Government agencies come together to tackle online drug trafficking

Photo (c) Cineberg - Getty Images

The joint effort is producing impressive results in curbing the flow of deadly drugs, but there’s still more work to be done

Drug traffickers are stepping up their game by going online to do their dealing, and the U.S. is in hot pursuit.

Online drug sales are complex because dealers use the Darknet as their marketplace. To make sure the traffickers meet their match, the Department of Justice has created the Joint Criminal Opioid and Darknet Enforcement (J-CODE) team -- a unit that combines the moxie of seven government agencies: the FBI, Drug Enforcement Administration (DEA), United States Postal Inspection Service (USPIS), U.S. Immigration and Customs Enforcement Homeland Security Investigations (HSI), U.S. Customs and Border Protection (CBP), Department of Justice (DOJ), and Department of Defense (DOD). J-CODE also gets support from Europol given the enormity of trafficking that takes place across borders.

“It’s become easier to get onto the Darknet marketplaces -- all you need is a smartphone or computer,” said Chris Oksala, a supervisory special agent with the DEA. “There are multiple ways to pay for the drug -- from cryptocurrencies to Western Union transfers -- and there are multiple ways to shield your identity.”

It’s that digital difference that makes for a Darknet drug dealer. It gives them added reach, not only in the volume of people they can tap into but the ability to do business with anyone from Seattle to Maine.

“Just by taking down one Darknet drug vendor, you could have the same effect as taking down a traditional mid-level size drug trafficking organization,” said FBI Hi-Tech special agent Maggie Blanton in an FBI video describing the operation.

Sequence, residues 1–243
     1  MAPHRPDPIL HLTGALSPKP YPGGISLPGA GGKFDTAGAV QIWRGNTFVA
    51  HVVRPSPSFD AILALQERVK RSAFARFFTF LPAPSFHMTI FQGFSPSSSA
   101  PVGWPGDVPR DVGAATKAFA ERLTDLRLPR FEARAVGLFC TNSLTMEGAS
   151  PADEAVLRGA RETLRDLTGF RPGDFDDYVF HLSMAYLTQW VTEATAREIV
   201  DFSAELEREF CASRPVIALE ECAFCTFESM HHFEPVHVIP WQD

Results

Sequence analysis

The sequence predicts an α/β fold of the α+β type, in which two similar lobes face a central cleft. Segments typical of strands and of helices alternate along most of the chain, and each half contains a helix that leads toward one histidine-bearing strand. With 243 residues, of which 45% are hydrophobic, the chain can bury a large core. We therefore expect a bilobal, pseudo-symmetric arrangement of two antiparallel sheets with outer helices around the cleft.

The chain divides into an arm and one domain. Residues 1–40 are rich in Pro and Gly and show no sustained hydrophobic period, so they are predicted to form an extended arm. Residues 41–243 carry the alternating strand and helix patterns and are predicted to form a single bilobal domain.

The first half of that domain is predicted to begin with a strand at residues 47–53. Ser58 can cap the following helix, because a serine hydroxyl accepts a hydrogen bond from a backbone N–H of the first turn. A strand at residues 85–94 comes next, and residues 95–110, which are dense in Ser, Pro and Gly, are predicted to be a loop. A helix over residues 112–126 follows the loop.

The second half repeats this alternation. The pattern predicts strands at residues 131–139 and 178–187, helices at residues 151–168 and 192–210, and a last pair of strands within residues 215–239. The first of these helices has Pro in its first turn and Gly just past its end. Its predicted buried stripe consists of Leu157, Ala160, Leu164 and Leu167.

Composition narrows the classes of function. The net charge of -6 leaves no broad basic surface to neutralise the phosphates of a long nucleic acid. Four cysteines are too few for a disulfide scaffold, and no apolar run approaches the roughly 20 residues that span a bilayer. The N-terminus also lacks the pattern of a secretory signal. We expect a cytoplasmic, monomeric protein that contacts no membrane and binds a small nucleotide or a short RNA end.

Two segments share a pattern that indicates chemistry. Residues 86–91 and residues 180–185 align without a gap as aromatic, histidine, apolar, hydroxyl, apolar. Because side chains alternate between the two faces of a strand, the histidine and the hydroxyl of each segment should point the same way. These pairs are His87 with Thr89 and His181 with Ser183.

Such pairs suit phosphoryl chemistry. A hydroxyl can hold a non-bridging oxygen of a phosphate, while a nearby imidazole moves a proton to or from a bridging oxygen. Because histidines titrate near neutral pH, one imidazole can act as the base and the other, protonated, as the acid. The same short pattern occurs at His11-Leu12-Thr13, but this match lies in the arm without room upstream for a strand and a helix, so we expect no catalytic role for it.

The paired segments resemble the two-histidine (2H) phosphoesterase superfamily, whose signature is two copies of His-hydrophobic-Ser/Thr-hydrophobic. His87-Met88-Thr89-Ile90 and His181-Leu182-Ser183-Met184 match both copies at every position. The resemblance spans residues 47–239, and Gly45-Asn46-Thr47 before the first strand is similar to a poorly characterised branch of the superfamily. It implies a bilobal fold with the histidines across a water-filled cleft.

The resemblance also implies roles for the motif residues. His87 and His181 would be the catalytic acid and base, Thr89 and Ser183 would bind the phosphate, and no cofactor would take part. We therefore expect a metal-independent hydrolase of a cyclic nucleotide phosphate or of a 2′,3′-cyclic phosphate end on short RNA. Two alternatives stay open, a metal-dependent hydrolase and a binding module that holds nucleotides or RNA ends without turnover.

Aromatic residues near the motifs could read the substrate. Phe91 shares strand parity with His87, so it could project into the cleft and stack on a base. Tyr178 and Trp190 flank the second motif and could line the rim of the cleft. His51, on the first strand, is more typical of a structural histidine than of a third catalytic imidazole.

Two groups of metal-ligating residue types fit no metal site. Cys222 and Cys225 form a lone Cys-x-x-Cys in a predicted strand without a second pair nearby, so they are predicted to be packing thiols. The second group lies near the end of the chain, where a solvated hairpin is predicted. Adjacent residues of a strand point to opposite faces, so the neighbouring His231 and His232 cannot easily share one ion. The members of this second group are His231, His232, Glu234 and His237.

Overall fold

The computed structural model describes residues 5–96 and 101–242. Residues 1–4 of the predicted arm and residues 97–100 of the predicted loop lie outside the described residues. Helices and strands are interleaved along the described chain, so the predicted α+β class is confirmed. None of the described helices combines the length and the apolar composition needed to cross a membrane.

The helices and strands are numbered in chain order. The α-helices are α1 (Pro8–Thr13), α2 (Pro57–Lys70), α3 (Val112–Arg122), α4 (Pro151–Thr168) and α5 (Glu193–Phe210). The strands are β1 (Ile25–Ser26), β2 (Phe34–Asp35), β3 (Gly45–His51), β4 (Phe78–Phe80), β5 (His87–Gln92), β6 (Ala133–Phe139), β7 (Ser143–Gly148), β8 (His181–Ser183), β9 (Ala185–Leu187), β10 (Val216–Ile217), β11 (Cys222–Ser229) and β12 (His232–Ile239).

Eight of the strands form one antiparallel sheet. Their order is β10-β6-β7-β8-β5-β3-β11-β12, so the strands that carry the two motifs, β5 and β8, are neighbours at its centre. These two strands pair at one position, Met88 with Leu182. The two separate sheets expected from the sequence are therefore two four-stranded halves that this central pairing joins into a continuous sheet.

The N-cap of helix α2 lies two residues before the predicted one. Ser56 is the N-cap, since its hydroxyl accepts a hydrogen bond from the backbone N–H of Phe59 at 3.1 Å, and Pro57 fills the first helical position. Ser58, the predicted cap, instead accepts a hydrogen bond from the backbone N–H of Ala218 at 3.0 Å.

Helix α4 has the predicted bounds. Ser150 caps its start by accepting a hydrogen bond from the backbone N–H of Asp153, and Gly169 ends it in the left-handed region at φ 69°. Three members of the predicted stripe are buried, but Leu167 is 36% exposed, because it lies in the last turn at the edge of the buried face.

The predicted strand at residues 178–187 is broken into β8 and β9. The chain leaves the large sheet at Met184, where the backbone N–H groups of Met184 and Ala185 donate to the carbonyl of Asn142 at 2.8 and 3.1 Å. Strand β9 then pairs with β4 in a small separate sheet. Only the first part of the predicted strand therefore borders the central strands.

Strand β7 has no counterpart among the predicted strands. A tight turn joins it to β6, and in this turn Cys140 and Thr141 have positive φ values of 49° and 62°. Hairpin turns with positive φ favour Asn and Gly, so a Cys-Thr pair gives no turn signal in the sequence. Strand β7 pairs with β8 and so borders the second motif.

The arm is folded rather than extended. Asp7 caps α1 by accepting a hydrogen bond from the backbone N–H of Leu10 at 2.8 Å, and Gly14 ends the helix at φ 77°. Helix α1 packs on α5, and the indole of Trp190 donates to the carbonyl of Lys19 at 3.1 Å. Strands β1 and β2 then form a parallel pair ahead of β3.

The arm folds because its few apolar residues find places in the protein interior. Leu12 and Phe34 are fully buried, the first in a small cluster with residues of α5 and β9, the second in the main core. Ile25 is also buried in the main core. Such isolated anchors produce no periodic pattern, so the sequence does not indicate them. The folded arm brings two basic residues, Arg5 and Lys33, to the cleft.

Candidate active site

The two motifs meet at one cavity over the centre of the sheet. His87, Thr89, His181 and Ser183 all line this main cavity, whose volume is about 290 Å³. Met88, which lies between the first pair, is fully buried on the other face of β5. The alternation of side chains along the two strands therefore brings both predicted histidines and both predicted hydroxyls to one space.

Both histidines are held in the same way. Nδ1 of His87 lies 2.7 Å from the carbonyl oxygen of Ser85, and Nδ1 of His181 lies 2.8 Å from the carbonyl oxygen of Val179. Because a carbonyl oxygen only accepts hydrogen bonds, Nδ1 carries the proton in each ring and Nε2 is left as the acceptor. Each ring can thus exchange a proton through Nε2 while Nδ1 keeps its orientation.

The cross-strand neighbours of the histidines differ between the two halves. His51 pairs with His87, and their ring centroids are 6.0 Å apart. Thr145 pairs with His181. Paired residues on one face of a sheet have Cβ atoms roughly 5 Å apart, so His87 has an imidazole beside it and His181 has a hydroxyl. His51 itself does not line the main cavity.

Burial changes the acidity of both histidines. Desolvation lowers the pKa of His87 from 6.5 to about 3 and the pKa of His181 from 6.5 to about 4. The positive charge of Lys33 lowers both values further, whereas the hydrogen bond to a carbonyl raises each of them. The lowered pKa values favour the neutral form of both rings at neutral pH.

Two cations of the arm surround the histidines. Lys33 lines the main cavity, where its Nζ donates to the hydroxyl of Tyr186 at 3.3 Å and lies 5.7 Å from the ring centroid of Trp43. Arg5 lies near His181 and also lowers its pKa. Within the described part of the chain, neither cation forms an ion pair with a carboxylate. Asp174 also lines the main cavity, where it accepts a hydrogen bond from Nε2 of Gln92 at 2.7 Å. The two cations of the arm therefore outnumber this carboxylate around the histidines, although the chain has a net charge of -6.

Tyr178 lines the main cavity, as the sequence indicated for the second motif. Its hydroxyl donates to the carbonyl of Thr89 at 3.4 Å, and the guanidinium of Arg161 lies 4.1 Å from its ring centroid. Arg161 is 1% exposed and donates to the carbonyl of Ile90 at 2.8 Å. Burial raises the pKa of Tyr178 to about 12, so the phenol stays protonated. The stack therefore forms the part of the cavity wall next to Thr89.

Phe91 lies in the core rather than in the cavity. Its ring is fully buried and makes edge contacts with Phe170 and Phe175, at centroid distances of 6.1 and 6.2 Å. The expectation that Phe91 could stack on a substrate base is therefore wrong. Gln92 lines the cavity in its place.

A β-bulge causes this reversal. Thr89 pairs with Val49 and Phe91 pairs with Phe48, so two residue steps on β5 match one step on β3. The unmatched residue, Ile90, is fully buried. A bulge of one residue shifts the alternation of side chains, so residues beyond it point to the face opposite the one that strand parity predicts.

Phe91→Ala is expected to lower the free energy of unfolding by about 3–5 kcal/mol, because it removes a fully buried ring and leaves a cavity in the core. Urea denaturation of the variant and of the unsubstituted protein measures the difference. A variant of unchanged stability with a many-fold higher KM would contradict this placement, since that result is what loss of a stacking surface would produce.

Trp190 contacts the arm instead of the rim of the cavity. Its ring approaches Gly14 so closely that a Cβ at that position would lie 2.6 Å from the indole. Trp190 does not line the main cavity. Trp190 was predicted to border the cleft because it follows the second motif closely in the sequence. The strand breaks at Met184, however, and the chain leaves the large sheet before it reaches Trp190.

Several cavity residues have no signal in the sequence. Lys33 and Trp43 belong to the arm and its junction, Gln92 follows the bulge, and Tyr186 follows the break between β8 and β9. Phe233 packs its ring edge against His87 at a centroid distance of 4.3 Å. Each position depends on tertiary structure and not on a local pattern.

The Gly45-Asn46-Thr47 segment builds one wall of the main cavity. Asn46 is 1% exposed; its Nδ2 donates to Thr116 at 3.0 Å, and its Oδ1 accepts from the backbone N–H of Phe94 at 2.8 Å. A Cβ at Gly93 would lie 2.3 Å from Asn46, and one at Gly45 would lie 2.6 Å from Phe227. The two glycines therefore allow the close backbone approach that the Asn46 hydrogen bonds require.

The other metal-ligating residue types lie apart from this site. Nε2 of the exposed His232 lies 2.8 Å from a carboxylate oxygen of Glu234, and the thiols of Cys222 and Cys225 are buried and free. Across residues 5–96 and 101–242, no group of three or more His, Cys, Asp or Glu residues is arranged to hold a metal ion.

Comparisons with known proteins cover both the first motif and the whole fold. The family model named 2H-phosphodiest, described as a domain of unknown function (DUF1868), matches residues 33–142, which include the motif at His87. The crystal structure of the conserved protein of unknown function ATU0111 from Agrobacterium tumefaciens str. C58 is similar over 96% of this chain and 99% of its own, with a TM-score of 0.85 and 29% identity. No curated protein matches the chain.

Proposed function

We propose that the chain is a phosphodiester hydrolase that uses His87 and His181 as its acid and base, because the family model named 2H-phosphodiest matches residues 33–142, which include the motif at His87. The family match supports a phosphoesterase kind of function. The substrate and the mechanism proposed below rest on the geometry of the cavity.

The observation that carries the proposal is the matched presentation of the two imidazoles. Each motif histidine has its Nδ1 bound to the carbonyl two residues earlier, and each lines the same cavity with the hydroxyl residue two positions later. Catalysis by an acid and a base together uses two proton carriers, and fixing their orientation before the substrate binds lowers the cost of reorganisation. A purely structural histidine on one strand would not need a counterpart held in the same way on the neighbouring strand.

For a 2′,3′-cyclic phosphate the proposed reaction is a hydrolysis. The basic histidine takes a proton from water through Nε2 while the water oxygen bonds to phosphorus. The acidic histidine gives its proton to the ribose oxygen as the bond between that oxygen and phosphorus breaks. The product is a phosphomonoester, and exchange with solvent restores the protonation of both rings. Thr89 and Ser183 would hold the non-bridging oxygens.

Early results are positive

One coordinated sweep that J-CODE just wrapped up is Operation SaboTor. According to Blanton, J-CODE cherry-picked agents from the cooperating agencies who, in turn, went on the prowl for leads. Once those leads were collected, a complete list was sent out to J-CODE’s partners, who worked together in creating a dialogue with Darknet drug users to make arrests.

All in all, the operation partners spoke with more than 100 Darknet drug buyers, arrested 61 Darknet drug traffickers, and seized 51 firearms, nearly 300 kilograms of drugs, and more than $7 million in cash and cryptocurrency.

Proceed with caution

The FBI warns consumers that they should avoid buying drugs via third-party, online sources. Not only is the process often illegal, but the products being ordered can be dangerous.

“People don't always get what they think they're ordering when they're ordering on the Darknet,” Blanton said. “Drug traffickers are always looking for ways to cut costs, and sometimes a way to cut cost is lacing their product with a deadly synthetic opioid called fentanyl.”

And, with that knowledge in hand, J-CODE is taking a proactive step by reaching out to individuals who are known to have purchased drugs online. Unfortunately, sometimes the message arrives too late to save someone’s life. In other cases, agents learn from buyers that they had, fortunately, survived an overdose.

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